The 24-hour express service was introduced in 1990[3] and Otto Group launched an online shopping website in 1995.[2] The catalogue, previously only available as a printed version, was published digitally on the internet for the first time in 1997.[5]

Otto Group entered the US market in 1998 by acquiring a stake in the Chicago-based furniture store Crate & Barrel.[2]

The two Austrian brands of the Otto Group, Universal and Otto, were bundled into Unito Versand & Dienstleistungen in 2003, and the mail order business in Germany was renamed Otto GmbH & Co KG. In 2005, the Otto Group sold 75% of the shares in Hanseatic Bank to Société Générale.[6]

In 2009, the Otto Group secured the rights to the Quelle brand and numerous retail brands such as Privileg in a bidding process. Later, in 2012, the Neckermann brand was acquired.[10] In 2014 the online fashion retailer About You was founded.[11]

In the 2015/2016 financial year, over 90% of mail order sales were generated online, making the Otto Group the second-largest German online retailer behind Amazon, according to a study by the EHI Retail Institute.[12]

The last printed edition of the Otto main catalogue was published in December 2018, as around 95% of all orders were received digitally by this point.[5]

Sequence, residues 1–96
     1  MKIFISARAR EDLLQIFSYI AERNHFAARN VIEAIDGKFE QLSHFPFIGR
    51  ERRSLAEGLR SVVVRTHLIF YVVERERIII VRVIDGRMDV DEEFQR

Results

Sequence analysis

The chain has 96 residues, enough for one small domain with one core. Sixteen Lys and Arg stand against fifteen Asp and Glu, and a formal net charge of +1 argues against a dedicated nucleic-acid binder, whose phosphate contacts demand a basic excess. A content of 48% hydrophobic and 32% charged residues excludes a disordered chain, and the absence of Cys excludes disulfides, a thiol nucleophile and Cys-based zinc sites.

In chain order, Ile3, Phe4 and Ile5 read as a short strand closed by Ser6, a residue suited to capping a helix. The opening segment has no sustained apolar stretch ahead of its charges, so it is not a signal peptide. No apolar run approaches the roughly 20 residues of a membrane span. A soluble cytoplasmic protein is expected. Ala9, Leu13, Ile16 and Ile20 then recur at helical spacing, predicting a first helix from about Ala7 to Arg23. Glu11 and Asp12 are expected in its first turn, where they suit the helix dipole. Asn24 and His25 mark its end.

In 2023, the Otto Group entered into cooperations with Covariant and Boston Dynamics.[13][14][15]

Corporate affairs[edit]

The key trends of the Otto Group are (as at the financial year ending February 28):[16]

Year Revenue (€ bn) Net income (€ m)
2017 12.5 41
2018 13.7 516
2019 13.6 177
2020 14.3 214
2021 15.6 971
2022 16.1 1,814
2023 16.2 –413

Corporate Structure[edit]

The shares in the Group of Michael Otto and his son, Benjamin Otto, have been combined in a foundation since 2016.[17]

The Group operates over 100 companies internationally,[2] primarily in Germany, Europe, and the United States. The activities of the Otto Group's business include e-commerce, over-the-counter retail, and catalogue sales channels. In the 2023 financial year, the Otto Group generated revenue of €16.2 billion, of which around €12 billion was generated online, making the Otto Group one of the largest online retailers in the world.[1] The following is an extract of some subsidiaries:[1]